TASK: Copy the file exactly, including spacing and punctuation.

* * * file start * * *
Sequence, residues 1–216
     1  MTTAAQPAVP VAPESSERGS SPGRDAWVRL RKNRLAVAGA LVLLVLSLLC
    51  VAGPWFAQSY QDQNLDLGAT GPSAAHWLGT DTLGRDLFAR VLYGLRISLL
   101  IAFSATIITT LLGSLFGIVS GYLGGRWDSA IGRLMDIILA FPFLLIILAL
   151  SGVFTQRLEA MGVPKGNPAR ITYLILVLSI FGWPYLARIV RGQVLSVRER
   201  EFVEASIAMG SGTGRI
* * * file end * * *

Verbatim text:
Sequence, residues 1–216
     1  MTTAAQPAVP VAPESSERGS SPGRDAWVRL RKNRLAVAGA LVLLVLSLLC
    51  VAGPWFAQSY QDQNLDLGAT GPSAAHWLGT DTLGRDLFAR VLYGLRISLL
   101  IAFSATIITT LLGSLFGIVS GYLGGRWDSA IGRLMDIILA FPFLLIILAL
   151  SGVFTQRLEA MGVPKGNPAR ITYLILVLSI FGWPYLARIV RGQVLSVRER
   201  EFVEASIAMG SGTGRI